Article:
sources for DOS-16bit


M

McBooCzech

Hi all,

before I decided to bother you by e-mail, I spent days (not kidding)
searching on the Internet. I am looking for Python binaries for
DOS-16bit!!!!
Not for Win-16bit or DOS-32 which are the only DOS availabele sources
on Python official site and on the other sites as well!!!
I will prefere sources for Borland C 3.x.

I was trying to use Python 1.0.1 (16python.exe file) for my
application,
but I realized it doesn't work on NEC V25 CPU (8086/8088 compatible
CPU developed by NEC).

I was involved in to our school computer "research" :) and we need
this piece of code to reach our goal.

We have to demonstrate the power of the free software (mainly its
compatiblity for different platforms)!!!

Can you please search your archives or route me somewhere?


I will really appreciate your answer and help
Petr Jakes
Gymnasium student
Jicin
Czech republic
 
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P

Paul Rubin

McBooCzech said:
before I decided to bother you by e-mail, I spent days (not kidding)
searching on the Internet. I am looking for Python binaries for
DOS-16bit!!!!

I think this is hopeless. Python is too memory hungry for that.
 
P

Peter Hansen

McBooCzech said:
I am looking for Python binaries for DOS-16bit!!!!
Not for Win-16bit or DOS-32 which are the only DOS availabele sources
on Python official site and on the other sites as well!!!
I will prefere sources for Borland C 3.x.

I was trying to use Python 1.0.1 (16python.exe file) for my
application,
but I realized it doesn't work on NEC V25 CPU (8086/8088 compatible
CPU developed by NEC).

I was involved in to our school computer "research" :) and we need
this piece of code to reach our goal.

We have to demonstrate the power of the free software (mainly its
compatiblity for different platforms)!!!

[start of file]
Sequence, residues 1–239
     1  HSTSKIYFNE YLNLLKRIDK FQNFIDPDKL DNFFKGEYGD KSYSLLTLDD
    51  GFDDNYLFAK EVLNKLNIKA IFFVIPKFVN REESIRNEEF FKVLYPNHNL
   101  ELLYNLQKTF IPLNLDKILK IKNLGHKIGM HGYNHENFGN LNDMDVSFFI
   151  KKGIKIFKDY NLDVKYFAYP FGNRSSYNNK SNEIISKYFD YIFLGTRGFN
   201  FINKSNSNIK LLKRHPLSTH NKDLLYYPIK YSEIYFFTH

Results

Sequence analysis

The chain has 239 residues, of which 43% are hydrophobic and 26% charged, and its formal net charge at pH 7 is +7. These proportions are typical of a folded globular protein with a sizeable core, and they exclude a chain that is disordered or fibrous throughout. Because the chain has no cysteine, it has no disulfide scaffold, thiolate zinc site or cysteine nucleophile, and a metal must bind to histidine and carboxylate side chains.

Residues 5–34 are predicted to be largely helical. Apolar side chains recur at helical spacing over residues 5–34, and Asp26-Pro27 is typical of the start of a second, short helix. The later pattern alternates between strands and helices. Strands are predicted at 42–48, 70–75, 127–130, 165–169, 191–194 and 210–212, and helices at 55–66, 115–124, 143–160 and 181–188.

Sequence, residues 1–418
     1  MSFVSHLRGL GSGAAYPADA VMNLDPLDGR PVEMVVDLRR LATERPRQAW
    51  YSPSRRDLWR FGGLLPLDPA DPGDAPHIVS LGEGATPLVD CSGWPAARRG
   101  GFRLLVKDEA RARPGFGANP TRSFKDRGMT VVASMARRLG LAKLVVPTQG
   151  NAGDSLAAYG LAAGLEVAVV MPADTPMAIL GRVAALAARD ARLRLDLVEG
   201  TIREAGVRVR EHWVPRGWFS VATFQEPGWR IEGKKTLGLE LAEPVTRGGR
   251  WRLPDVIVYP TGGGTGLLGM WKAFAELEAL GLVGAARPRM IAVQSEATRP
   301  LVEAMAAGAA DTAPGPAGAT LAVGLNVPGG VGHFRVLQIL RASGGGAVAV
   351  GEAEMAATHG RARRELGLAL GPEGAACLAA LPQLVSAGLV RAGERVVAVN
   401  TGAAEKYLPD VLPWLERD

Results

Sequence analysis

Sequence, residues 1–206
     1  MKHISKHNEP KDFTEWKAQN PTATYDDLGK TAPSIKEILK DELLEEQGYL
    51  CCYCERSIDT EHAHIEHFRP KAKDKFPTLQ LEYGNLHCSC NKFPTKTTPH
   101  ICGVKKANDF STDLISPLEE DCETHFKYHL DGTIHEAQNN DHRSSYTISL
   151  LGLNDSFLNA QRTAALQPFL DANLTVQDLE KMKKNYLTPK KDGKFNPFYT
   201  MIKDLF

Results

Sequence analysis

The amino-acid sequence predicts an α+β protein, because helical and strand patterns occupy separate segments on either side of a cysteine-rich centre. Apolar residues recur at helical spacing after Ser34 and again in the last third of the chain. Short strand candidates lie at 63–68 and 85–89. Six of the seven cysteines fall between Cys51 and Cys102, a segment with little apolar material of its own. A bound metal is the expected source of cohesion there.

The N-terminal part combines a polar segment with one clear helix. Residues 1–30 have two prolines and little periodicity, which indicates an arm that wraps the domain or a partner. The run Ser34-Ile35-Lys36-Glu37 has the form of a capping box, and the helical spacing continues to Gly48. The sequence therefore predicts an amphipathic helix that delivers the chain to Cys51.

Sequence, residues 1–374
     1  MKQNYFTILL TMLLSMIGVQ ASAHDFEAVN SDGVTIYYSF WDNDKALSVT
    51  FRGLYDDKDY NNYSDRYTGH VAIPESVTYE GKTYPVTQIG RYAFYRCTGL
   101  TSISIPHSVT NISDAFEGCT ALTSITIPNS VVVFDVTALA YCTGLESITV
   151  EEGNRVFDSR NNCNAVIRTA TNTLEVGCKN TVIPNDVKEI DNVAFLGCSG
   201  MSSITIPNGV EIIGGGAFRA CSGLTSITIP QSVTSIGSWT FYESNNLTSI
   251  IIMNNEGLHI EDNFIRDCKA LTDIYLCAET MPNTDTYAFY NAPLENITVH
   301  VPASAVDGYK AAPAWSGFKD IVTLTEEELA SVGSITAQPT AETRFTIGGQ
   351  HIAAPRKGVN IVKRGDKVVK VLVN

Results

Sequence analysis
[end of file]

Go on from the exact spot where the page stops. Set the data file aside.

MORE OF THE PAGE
Can you please search your archives or route me somewhere?

Does it have to be Python? There are other languages that
are arguably as portable, and certainly more compact. Lua,
for example, has been ported to quite small devices. See
http://www.lua.org/ for more on that, but note there are
other options as well. Python's not the only "free portable
software" around, though it's the best in many ways.

-Peter
 
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A

Adam DePrince

Does it have to be Python? There are other languages that
are arguably as portable, and certainly more compact. Lua,
for example, has been ported to quite small devices. See
http://www.lua.org/ for more on that, but note there are
other options as well. Python's not the only "free portable
software" around, though it's the best in many ways.


You may want to consider some of the programming languages of the day.
Pascal comes to mind; it was popular when the 8086 was "The Machine to
Own" (tm). Much as Java of a decade and a half later had "bytecode",
there was a byte code for pascal called "p-code" courtesy of UCSD.
Look at wikipedia.org for the "pascal programming language." There
are executables and source code files for lots of pascal compilers.
IMHO this is your best chance at getting a complex program into a
limited machine.

For more insight, look at uClinux and elks. They are both linux
derivatives for small machines like the 8086.

BTW, how much RAM does your machine have? Also, remember that if your
chip is anything like the V20 or V30 from NEC it also can emulate the
8080 (which the Z80 is a clone of.) I have no clue how to use this
mode.

I might be recalling this incorrectly, but the V20 and V30 do have one
incompatibility with the 8086. There is an op code called AAD. It was
intended to help with BCD (base 10) arithmetic and would basically
perform the operation 10 * X + Y. The value 10 happened to be encoded
into the op code. The 8086, when executing this operation, would pull
the value from the op code. The V20-V30 would pull it from a constants
table. So, using any value other than 10 would result in the operation
K * X + Y for some unsigned 4 bit value; on the V20-V30 it was an
undefined operation. What this an accident? I don't know, but a lot of
assembly coders came to depend on the one or two CPU cycles it would
save over a proper mul and add. One or two cycles per array reference
was a big thing back then ...

Anyhow, sorry about babbling on about this non-python related nonsense
and good luck.

Adam DePrince
 

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